AVOID THESE COMMON START-UP TRAPS: 5 Key Lessons to Keep Young Businesses on Track

Courtesy PPB Magazine, 2/2016, Yossi Feinberg

While there is obviously no such thing as a blueprint for success, there are a number of key points that entrepreneurs should take into consideration.

1. Never neglect your target market. Immersing yourself in your user base from the very beginning will pay dividends. Time spent learning to empathize with the customer and really figuring out what makes them tick will help you target with a laser-like focus. 

Innovative companies are often guilty of trying to execute on a big vision that is too all-encompassing for the user to fully engage with.

2. Don't try and reinvent the wheel if you don't need to. The internet has democratized access to all kinds of information, and if a successful process or structure exists for a non-core element of your business, use it. This can be anything from administrative office functions to technical elements on the periphery of your central business proposition. If an effective solution exists, then chances are it will not add value to your business to develop it from scratch.

3. Have a solid business model from the very beginning. Have a clear idea of the value you are creating, how you are going to capture it and how you will be able to protect it. Having clarity from the outset will provide a marker of ongoing success —or not— and allow you to make strategic business decisions accordingly.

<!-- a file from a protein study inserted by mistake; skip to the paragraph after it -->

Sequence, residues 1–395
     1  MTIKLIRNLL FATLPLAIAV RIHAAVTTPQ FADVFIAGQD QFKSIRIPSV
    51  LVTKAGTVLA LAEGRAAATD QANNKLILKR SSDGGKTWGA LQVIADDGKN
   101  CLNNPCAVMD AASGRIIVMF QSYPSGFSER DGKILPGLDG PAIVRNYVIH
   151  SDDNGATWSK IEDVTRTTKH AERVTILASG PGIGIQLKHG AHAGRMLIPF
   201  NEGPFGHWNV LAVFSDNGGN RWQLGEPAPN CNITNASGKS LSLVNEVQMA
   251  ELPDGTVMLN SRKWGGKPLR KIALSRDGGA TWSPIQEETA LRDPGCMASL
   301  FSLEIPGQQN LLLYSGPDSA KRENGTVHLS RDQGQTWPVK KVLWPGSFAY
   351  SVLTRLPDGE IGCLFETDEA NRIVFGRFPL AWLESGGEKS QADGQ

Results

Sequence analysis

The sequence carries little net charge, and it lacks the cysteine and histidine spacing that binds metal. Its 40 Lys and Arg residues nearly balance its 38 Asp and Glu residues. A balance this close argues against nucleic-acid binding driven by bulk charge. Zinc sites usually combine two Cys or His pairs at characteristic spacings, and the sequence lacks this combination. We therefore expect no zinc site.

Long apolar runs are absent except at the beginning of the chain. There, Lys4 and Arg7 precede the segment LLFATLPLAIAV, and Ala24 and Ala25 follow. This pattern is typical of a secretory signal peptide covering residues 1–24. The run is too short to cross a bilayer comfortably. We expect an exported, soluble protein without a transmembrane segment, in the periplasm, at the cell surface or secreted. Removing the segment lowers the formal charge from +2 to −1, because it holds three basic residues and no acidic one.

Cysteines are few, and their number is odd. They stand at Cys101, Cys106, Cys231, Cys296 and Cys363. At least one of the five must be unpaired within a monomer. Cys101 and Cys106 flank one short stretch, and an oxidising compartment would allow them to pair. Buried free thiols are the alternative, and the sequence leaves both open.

Many Silicon Valley businesses do not take this into account until a lot of resources have been expended, taking themselves in the wrong direction and forcing an otherwise unneeded late-stage pivot.

4. Don't be afraid to learn from your predecessors, competitors and similar businesses. You do not need to fail to gain a learning experience. I hightly recommend learning from others' failures rather than your own.

Be careful: Learn, don't mimic. Success comes from applying judgment, which is drawn from experience — yours and others'.

5. As hard as it may be, try to separate your natural emotion from your business concept. You should be passionate about your venture and comitted to it, but it is easy to fall in love with your idea and ignore the signals from the market and the views of others.

Your decision on how (and whether) to take [a product, business, service] to market needs to be founded on research and data. Too many times in Silicon Valley we have seen businesses launch that should have been altered or even killed in the planning phases, purely because a besotted and charismatic founder pushed them through. This is a recipe for failure.